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Work is wanting me to attend an 8.50am morning meeting every day. I am paid from 9am. Due to childcare arrangements I can’t get there till 8.55am. When I arrive I ring the bell to be let in nobody lets me in because they are in this meeting. They finally let me in when the branch opens at 9am. My manager is then telling me I am late for work as it is part of my job role to open the doors at 9am. What can I do please? Surely I can’t be classed as late if they won’t let me in? If they let me in when I got there then I would have no problem in opening the door to customers at 9am. My manager is mentioning it at every 1:1 and I keep trying to explain, but I feel really harassed. Some advise would be great, thanks.
I would suggest you review your contract of employment to clarify exactly what it states about your hours of work and job role. If your contract states that you are to start at 09:00am and says nothing else about flexibility, opening up or attending for early meetings then, generally speaking, your hours and contract generally cannot be varied without your consent.
Once you have checked the terms of your contract I would suggest that you hold an informal meeting with your manager to discuss your concerns. You should explain that, even when you are arriving at 08:55am, nobody is there to let you in the building. You should also make it clear that the reason you cannot attend any sooner is due to childcare commitments. If your contract does not state that you have to be at work earlier than 09:00am then you may have grounds to argue that holding the early-morning meetings and requiring you to attend amounts to indirect sex discrimination due to your childcare commitments. It would then be up to your employer to justify this procedure. Any claim for sex discrimination must be submitted to an employment tribunal within three months of the discriminatory act and you must go through the Acas pre-conciliation procedures before a tribunal would accept your claim.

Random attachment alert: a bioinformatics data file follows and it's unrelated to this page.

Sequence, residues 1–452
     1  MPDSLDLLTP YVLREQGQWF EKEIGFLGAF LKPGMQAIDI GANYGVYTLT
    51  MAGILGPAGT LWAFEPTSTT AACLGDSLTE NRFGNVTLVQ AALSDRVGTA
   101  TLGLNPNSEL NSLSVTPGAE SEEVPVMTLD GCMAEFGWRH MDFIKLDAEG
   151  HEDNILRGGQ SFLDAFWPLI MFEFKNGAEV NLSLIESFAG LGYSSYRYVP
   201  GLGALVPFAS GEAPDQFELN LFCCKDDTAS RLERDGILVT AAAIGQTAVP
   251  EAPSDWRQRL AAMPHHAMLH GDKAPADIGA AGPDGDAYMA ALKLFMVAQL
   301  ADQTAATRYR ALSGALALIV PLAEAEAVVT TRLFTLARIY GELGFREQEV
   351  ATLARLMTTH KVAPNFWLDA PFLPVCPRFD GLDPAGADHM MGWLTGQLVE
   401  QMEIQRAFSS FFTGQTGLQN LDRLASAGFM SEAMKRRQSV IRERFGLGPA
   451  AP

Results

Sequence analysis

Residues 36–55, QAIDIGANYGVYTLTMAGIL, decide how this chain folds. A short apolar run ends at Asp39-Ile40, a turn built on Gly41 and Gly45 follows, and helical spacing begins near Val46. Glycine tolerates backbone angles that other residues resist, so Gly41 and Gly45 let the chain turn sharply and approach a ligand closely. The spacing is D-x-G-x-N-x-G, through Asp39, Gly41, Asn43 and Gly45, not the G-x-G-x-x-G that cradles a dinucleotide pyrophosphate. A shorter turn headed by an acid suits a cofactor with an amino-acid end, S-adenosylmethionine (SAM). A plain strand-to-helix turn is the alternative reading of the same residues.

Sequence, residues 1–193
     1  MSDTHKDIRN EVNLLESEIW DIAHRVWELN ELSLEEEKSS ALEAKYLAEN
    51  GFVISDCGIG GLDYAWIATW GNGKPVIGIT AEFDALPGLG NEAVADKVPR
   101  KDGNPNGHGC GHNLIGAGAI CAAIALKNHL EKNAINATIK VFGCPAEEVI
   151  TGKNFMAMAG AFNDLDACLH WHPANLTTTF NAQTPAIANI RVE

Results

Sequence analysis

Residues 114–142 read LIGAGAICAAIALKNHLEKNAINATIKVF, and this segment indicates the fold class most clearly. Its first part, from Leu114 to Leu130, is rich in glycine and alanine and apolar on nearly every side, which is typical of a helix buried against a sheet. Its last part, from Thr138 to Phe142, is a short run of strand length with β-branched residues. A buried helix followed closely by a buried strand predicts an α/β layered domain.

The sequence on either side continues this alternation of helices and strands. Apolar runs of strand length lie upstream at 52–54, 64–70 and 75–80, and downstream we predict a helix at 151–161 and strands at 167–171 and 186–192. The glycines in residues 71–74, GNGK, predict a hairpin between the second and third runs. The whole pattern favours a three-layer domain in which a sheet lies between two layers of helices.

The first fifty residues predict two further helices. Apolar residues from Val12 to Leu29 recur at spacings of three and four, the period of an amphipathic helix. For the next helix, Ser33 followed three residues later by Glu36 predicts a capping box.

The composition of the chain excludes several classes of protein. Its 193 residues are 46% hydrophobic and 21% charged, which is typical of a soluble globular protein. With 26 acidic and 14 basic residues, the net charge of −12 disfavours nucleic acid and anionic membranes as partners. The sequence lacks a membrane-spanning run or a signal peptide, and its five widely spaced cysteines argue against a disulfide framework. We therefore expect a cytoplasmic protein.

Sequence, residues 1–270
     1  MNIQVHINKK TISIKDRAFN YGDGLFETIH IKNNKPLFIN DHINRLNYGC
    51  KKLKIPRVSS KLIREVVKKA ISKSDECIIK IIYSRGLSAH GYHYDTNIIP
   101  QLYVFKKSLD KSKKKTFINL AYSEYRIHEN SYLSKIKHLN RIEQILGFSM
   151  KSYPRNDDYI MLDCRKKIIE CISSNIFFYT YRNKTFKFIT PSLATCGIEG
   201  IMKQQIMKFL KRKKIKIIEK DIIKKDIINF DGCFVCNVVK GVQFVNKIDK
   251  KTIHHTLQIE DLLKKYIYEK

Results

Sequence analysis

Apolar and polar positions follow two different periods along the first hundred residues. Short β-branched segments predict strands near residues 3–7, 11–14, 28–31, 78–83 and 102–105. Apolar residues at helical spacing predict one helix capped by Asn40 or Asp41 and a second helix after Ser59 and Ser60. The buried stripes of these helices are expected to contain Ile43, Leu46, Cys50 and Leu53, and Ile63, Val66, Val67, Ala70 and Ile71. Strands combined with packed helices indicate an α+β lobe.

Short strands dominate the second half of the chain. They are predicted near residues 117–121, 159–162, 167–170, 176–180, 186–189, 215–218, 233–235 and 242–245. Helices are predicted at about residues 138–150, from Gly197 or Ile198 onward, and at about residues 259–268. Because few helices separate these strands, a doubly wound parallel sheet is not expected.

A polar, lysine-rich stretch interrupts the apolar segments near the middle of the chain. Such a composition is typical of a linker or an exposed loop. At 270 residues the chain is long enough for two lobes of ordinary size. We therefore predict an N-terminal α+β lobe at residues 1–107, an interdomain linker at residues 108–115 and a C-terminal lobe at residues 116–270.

If meeting with your manager on an informal basis does not settle matters, then you should consider raising a formal grievance about the way you are being treated. If this does not resolve the issue then I would suggest you take further specific legal advice about your situation.
Should you require any clarification on the above points then please contact Tracey Guest of Slater Heelis LLP on 0161 672 1425.
*Helen Frankland assisted in answering this question.